An excellent parallel book to read as we study 2 Kings is the book of Jeremiah. God called Jeremiah to prophesy during the last years of Judah’s existence as a nation. As you read Jeremiah, you sense his desperation in trying to reach the people and warn them of their sin and God’s impending judgment. But they would not listen. They refused to turn from their wicked ways. God grew so weary of their stubbornness that He instructed Jeremiah to stop praying for the nation (Jeremiah 7:16)!

Erwin Lutzer sees a parallel between Israel & Judah in those last days before their destruction and America today. Our idols are not false gods like Baal-Zebub, the god of Ekron; our idols are money, possessions, and sex. These idols feed our hedonistic yearnings and fleshly desires. They could not turn from their idols, and, Lutzer argues, neither can America. He states,

Why were pagan idols so attractive to the people of Israel and Judah? Why did the people continuously flirt with other gods?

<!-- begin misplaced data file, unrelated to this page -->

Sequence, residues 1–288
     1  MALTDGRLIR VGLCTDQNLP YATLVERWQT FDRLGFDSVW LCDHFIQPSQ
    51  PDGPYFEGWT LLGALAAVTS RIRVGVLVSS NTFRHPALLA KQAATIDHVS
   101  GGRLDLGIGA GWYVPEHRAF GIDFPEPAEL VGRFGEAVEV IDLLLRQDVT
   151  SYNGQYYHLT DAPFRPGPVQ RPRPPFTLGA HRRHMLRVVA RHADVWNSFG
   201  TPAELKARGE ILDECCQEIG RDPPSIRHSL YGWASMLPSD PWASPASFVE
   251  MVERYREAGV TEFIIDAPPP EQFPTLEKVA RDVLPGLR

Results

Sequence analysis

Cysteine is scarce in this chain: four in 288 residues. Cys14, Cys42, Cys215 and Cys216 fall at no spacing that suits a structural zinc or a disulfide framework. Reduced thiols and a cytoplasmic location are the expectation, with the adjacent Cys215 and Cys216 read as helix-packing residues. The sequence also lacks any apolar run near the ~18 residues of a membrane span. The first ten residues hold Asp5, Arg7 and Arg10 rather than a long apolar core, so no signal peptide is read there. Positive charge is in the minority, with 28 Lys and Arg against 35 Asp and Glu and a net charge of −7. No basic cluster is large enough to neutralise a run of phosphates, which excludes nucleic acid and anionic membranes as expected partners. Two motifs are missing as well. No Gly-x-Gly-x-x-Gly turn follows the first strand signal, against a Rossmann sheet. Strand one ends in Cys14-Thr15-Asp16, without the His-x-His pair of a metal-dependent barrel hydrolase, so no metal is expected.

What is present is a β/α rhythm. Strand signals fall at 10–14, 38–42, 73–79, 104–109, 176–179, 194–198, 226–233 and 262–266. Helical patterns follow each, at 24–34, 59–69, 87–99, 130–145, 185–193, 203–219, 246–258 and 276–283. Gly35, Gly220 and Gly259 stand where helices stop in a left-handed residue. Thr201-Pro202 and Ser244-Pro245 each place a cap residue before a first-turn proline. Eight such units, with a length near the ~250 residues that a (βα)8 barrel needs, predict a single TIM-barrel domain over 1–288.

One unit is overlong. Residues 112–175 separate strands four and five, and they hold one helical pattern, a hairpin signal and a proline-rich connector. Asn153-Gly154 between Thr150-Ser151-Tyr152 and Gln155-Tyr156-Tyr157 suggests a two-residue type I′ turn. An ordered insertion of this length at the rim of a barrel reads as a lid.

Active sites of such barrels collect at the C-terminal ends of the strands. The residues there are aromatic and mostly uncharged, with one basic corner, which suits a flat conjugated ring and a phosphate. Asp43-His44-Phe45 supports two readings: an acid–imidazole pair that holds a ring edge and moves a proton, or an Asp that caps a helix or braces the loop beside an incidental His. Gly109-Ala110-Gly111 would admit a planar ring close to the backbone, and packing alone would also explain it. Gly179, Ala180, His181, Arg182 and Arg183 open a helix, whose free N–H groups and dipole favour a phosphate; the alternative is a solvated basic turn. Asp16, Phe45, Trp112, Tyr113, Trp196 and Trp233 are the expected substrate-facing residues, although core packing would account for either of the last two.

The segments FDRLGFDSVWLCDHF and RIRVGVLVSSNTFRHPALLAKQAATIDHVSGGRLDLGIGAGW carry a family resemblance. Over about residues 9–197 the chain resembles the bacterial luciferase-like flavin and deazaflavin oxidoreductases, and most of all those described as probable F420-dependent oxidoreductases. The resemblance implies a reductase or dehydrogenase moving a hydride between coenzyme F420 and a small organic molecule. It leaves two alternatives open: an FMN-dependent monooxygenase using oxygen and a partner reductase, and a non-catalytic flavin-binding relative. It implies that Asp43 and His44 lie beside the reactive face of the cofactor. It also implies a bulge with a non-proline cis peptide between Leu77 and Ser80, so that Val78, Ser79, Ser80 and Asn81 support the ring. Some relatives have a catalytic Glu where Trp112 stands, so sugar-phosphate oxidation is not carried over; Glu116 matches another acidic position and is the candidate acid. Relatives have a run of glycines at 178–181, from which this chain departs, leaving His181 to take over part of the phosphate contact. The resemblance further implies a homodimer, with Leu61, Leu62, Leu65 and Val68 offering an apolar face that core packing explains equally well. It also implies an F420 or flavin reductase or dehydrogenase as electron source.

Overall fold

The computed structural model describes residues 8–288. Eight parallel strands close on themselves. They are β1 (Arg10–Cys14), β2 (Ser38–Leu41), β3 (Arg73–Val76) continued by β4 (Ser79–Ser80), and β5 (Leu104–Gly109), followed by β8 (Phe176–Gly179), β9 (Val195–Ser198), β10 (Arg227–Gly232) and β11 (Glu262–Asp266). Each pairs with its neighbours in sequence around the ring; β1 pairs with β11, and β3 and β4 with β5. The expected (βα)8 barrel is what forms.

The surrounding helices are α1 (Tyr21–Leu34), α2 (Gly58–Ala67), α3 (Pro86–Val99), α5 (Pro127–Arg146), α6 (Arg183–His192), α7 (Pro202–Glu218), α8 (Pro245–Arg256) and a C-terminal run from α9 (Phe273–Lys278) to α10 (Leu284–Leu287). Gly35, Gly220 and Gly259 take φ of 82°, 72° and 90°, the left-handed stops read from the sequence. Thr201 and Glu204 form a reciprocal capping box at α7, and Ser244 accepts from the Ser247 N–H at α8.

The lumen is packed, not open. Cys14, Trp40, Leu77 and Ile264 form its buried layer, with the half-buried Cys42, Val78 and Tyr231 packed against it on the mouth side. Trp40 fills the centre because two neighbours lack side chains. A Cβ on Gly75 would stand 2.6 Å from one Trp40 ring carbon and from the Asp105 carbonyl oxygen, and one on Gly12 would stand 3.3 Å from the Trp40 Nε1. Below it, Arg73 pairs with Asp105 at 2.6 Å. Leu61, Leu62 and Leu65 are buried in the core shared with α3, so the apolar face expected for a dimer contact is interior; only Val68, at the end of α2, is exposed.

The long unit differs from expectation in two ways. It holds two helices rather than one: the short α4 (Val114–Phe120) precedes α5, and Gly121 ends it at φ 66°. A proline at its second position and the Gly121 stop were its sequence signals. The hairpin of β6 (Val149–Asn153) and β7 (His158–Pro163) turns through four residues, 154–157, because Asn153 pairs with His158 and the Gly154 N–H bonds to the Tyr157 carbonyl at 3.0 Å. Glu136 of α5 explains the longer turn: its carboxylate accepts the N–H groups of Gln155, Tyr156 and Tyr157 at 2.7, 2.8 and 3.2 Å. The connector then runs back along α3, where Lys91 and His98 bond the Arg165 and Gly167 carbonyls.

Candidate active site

Study history and you will discover that idolatry justified and encouraged sexual permissiveness of every sort. Shrines were built on every high hill, and God said, “Under every green tree you bowed down like a whore” (Jer. 2:20). Prostitution, homosexuality, and every form of perversion was practiced, and the people loved it. Orgies were common, and the false gods stood by in silent approval.

God was displeased. “Be appalled, O heavens, at this; be shocked, be utterly desolate, declares the LORD, for my people have committed two evils: they have forsaken me, the fountain of living waters, and hewed out cisterns for themselves, broken cisterns that can hold no water” (Jer. 2:12–13). The water they thirsted for proved to be bitter, guilt-inducing, and destructively addictive. It promised freedom but brought bondage, broken relationships, and endless pain.